In the summer of 1818, New York City hired Partridge to drill and instruct a volunteer infantry company. During this assignment, he presented a series of lectures on military science, fortifications, and military education. Partridge advocated a new program of regional military instruction and began a lifelong campaign to champion regional military schools in opposition to the sole national military academy. Partridge argued that the national academies produced a professional officer class. This created a "new military elite," which conflicted with the country's great generals, such as George Washington and Andrew Jackson. Partridge proposed dividing the nation into state-based military departments. These departments would be composed of local citizen soldiers organized into militias with officers appointed by the state military officials. The state units would gather on a regular basis for instruction and drill, similar to the Minutemen of the American Revolution. He also suggested establishing military colleges for officer instruction in each department.

In 1819, Partridge served as chief of the surveying expedition to establish boundaries between the United States and Canada as required under the Fifth Article of the Treaty of Ghent. He mapped the natural watersheds of the Saint Lawrence River and Hudson River. However, he remained interested in his plans for a military college. He resigned from the expedition in 1820 and retired to Norwich, Vermont.

Norwich University

Alden Partridge
with Cadets
In 1819, Partridge founded the "American Literary, Scientific, and Military Academy" in Norwich. The Academy, now known as Norwich University, became the nation's oldest private military college and the "Birthplace of the Reserve Officers' Training Corps (ROTC)". In its first four years, 480 students representing 21 of the 24 states attended the new academy. The success of Partridge's program attracted the attention of Middletown, Connecticut. Middletown obtained a financial subscription of local residents as an inducement to relocate his academy. Partridge moved the school to Middletown, and the academy attracted nearly 1,200 students in three years. However, the school's stay in Connecticut was brief and it had relocated to Norwich by 1829.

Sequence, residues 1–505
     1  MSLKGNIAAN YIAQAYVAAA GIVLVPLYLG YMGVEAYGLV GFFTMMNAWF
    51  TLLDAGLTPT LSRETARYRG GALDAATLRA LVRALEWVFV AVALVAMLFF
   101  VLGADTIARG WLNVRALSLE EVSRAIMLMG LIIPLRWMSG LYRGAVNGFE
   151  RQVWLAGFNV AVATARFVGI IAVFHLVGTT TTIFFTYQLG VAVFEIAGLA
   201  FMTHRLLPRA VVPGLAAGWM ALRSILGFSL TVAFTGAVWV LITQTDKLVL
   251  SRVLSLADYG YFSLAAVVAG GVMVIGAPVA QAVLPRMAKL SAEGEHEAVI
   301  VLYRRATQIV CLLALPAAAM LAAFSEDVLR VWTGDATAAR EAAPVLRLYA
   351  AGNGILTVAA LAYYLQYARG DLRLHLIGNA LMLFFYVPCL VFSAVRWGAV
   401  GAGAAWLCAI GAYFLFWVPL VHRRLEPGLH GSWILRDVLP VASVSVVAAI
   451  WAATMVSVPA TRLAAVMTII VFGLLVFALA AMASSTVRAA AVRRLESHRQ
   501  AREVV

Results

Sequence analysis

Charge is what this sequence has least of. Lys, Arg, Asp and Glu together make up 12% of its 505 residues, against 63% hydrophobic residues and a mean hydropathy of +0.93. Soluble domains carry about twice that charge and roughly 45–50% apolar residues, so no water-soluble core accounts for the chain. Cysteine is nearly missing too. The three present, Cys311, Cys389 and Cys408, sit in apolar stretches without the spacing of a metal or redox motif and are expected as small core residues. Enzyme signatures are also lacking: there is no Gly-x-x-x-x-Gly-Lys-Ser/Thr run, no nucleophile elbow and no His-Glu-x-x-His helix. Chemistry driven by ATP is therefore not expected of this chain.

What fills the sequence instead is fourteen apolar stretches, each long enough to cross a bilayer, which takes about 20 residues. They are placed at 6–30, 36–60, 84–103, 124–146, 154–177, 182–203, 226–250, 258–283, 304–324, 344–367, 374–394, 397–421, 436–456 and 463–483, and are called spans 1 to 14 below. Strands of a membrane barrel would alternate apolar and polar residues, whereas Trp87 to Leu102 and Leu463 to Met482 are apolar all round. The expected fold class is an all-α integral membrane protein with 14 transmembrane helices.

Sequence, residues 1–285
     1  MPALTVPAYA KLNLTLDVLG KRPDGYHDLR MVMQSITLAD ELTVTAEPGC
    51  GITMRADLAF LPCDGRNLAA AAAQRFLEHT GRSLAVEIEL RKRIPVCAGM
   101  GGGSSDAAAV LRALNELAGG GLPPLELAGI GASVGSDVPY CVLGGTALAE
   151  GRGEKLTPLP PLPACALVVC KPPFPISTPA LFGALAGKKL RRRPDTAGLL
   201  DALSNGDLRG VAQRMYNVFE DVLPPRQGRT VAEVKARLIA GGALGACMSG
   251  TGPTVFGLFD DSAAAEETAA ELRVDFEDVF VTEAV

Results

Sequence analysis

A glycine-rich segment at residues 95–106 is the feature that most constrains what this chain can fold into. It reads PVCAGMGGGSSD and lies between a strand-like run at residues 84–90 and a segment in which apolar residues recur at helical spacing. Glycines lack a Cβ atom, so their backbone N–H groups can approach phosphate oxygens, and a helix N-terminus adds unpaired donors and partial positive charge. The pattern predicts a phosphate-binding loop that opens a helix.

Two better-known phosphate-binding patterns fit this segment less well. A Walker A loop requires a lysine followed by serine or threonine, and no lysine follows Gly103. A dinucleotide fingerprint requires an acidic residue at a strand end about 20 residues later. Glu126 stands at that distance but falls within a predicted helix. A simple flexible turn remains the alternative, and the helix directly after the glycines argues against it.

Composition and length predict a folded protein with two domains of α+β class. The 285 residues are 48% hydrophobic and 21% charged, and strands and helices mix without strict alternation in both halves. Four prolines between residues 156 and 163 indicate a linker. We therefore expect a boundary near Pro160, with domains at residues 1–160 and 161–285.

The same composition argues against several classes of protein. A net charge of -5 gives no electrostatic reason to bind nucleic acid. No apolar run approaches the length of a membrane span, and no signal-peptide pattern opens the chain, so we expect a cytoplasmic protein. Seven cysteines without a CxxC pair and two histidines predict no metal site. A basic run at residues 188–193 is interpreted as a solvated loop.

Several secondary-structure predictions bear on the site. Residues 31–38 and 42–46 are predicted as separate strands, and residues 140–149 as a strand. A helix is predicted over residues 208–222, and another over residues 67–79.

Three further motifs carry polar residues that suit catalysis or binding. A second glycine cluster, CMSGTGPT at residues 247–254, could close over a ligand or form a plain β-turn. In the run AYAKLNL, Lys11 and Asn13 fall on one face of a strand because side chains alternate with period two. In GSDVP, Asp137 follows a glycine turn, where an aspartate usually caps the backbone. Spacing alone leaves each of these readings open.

The Partridge Curriculum

Partridge's program incorporated the study of liberal arts, agriculture, modern languages, and engineering in addition to the sciences and various military subjects. Field exercises and drills, using cannon and muskets borrowed from the federal and state governments, supplemented classroom instruction. The drills added an element of realism to the college’s program of well-rounded military education.

Partridge advocated physical education as an essential part of school curriculum. As part of that program, he often led his classes on hiking expeditions in the many local mountains of New England. On climb of Vermont's Green Mountains in 1822, Partridge led 27 pack-laden cadets on a four-day, 150-mile hike from Norwich to Manchester.

Partridge believed that "a large standing army was a menace to the country." In its place, he thought the nation should train a large 'citizen soldiery' in the art of war." This was the first purely technical and military school for the training of citizen soldiers in the world. The Academy had an initial enrollment of one hundred cadets. The school developed a reputation for having an excellent academic program as part of a tough, disciplined military environment. Partridge "was one of the few military engineers who by virtue of his remarkable mathematical ability, long service at West Point, and practical field work was competent to train engineers and in laying a foundation for engineering work of his students he gave a course in mathematics equal, if not superior, to that offered by any other institution in America." It was thought by some that Partridge's views on military defense were years ahead of his time.